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As staff begin to return to offices after 18 months of working from home and amid rocketing EV sales, now’s the time for fleet managers to refocus on the ability to charge at work



With the Government’s work-from-home instructions set to end on 19 July and staff due to return to offices and other business premises, thoughts are returning to workplace charging within the fleet arena.

Couple this to the recent sharp rise in EV uptake and the Government’s plan to stop the sale of new diesel and petrol cars by 2030, and it’s clear that businesses need to make plans now if they want to be part of the move to an electric world.

Arguably, the installation of workplace charging is an issue that’s bigger than the world of company cars. As we head towards EVs becoming the majority, rather than a small minority, offering workplace charging will help company car drivers and employees with private vehicles.

“Workplace charging is a key part of the infrastructure, so everyone can go electric,” explains Arval senior consultant David Watts. “This is because the more workplace charging there is, the easier it is for people to move to an EV – particularly if they don’t have home charging – be that a company car or a private car.

How the Workplace Charging Scheme operates


The Workplace Charging Scheme is a Government voucher system that provides a grant of £350 toward each charging socket and covers charging points greater than 3.5kW.

Installers or business owners can apply for the vouchers which must be used within 180 days. Each business can apply for up to 40 charge sockets per application.

As reported by Company Car Today, WCS has funded more than 13,000 workplace points since it launched in 2016. The charge point vouchers have been redeemed by almost 5000 businesses, averaging 2.8 charge points per business.


“At the moment charging is, approximately, done 80% at home and 20% on the move. But this is based on people who’ve bought EVs already. Most of these people can charge at home.

“If you change to a scenario where you can charge at home or work – both places where the car could be sat still for eight hours at a time – this enables everyone that works at a business with premises to move to an EV, even if they don’t have a driveway or home charge point.”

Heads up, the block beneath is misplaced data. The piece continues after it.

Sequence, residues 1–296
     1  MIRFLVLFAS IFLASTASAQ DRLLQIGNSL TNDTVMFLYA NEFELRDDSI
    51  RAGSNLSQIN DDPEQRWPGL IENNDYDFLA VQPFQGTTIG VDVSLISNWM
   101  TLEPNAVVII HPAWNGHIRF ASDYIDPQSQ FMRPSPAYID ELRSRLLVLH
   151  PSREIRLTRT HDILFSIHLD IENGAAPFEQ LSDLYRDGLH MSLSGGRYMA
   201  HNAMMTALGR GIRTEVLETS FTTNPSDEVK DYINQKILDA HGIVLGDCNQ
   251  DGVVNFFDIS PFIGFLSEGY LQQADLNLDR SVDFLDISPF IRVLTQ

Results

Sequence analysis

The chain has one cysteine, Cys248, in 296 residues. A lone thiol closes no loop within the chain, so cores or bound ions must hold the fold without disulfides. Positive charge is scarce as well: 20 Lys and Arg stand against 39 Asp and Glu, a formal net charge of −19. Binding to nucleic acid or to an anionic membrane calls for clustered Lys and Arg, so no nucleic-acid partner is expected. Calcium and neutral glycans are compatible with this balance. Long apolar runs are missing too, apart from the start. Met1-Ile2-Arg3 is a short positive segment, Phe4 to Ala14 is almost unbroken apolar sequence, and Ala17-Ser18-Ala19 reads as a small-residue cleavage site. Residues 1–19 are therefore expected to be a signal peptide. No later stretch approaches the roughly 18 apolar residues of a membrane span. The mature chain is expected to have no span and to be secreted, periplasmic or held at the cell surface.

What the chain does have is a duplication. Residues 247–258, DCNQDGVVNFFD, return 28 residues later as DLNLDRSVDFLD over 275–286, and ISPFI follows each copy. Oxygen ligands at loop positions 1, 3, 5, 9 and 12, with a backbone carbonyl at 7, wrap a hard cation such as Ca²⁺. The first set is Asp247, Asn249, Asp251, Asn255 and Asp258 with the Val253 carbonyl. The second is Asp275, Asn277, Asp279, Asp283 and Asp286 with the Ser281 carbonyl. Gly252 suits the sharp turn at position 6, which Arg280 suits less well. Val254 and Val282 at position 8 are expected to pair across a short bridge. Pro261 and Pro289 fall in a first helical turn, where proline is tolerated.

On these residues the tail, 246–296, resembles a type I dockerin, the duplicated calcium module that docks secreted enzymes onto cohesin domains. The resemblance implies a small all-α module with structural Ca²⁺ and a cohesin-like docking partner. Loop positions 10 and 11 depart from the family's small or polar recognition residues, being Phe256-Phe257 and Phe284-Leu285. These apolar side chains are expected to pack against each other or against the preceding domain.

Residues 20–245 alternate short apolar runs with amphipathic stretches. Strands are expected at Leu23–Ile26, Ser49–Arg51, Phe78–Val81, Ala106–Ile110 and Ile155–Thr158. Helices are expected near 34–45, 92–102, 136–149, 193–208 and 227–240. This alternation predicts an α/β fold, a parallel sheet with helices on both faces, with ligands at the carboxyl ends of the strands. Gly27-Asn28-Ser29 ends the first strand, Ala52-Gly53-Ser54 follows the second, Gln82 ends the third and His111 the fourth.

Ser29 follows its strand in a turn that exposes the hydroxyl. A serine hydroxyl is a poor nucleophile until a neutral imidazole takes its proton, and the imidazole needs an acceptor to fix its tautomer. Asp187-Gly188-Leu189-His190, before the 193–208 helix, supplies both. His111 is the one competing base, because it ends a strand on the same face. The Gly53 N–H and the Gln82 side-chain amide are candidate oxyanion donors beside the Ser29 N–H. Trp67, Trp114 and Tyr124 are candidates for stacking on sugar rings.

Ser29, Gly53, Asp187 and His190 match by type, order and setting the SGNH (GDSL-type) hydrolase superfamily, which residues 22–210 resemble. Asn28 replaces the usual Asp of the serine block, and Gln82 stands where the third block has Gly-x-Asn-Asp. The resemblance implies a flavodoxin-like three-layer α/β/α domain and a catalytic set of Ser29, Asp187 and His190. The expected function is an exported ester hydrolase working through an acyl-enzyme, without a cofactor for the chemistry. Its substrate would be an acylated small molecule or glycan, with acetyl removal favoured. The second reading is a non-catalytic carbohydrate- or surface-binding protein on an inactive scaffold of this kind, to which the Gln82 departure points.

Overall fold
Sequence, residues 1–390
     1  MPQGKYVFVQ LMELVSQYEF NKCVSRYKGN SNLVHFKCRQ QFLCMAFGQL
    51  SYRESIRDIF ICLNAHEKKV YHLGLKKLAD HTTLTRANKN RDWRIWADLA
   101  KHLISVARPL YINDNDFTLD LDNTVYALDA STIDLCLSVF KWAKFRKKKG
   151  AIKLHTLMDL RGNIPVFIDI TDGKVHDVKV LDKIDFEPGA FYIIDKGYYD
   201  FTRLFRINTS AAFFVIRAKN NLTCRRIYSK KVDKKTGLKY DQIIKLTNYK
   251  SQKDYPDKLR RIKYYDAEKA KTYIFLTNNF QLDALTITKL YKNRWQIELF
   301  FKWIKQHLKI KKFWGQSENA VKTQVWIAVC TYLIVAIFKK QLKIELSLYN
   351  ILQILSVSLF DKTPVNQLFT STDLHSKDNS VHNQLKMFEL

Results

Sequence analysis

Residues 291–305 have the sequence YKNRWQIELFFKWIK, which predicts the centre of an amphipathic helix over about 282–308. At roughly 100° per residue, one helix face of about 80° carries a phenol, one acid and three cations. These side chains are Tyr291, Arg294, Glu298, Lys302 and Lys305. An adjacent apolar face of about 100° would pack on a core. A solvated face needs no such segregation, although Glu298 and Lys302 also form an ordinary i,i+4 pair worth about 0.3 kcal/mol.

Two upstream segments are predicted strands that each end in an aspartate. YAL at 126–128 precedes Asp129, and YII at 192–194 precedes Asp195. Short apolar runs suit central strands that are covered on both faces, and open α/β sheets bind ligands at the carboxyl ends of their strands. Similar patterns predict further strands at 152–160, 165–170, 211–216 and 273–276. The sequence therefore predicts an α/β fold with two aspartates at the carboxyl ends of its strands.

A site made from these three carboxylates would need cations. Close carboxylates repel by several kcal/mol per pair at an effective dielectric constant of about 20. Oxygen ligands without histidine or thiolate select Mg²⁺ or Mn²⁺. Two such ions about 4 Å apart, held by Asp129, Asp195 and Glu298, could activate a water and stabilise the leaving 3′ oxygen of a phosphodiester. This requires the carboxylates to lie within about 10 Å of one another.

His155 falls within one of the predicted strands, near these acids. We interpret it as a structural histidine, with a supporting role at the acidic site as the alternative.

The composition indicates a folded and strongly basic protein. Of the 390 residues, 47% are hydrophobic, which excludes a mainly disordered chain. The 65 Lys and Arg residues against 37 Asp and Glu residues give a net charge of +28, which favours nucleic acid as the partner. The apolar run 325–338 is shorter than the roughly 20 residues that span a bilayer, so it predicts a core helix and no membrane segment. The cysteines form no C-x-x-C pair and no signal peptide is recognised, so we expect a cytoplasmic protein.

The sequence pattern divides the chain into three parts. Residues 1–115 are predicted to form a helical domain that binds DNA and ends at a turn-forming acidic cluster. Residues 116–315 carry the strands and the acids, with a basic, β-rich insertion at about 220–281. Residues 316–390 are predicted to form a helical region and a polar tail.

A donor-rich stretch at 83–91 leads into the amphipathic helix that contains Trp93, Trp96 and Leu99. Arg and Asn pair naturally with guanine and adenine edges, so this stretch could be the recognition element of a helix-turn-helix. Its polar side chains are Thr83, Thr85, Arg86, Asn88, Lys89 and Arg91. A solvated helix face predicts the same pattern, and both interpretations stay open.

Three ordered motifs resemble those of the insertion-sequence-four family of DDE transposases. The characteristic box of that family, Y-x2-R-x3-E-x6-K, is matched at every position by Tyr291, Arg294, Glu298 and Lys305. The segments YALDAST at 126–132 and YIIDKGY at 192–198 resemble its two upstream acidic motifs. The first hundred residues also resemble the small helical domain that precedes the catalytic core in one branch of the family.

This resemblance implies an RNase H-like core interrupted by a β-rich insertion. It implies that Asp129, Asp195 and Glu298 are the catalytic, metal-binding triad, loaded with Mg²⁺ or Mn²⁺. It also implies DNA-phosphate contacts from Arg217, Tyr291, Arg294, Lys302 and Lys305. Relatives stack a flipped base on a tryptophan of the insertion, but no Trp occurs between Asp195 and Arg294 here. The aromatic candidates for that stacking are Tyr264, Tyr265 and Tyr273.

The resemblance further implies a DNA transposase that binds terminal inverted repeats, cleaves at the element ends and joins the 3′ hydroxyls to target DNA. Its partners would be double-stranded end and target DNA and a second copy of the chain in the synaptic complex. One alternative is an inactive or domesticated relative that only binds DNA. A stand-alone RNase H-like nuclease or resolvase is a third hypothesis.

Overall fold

Centrica Business Solutions’ head of fleet partnerships, Chris Jackson, echoes these points: “Workplace charging is incredibly important.”

And while Jackson clearly has a vested interest in promoting EV charging, he adds that workplace EV points must be “part of a wider plan as the number of EVs on the ground becomes greater”.

James McKemey, PodPoint’s head of insights, puts a figure on the importance, saying it’s “likely to account for up to 30% of all charging, helped in large part by the long dwell time of vehicles in workplace environments. This makes it hugely important to the mass adoption of EVs”.

He adds: “In turn, the mass adoption of EVs is an important factor in decarbonising the economy in the pursuit of net-zero emissions. There are fewer more pressing imperatives.”

However, while almost everyone believes workplace charging is increasingly important, Paul Hollick, Association of Fleet Professionals chairman, cautions: “Workplace charging is quite important, but not quite the priority it was. This is due to the huge increase in working from home.”

He adds: “Where it is really important is for those without home charging. This is especially the case for EVs that have longer ranges; it means they may only need charging once a week.”

Hollick points out that fleet managers will need to work out who’s allowed to charge, when and for how long to avoid “fights in the car park” over charge points as people “hog” the spaces.

Hollick says there are also difficulties if a business doesn’t own its land. “Is the property owned or leased? If it’s leased, will the landlord allow charging points?”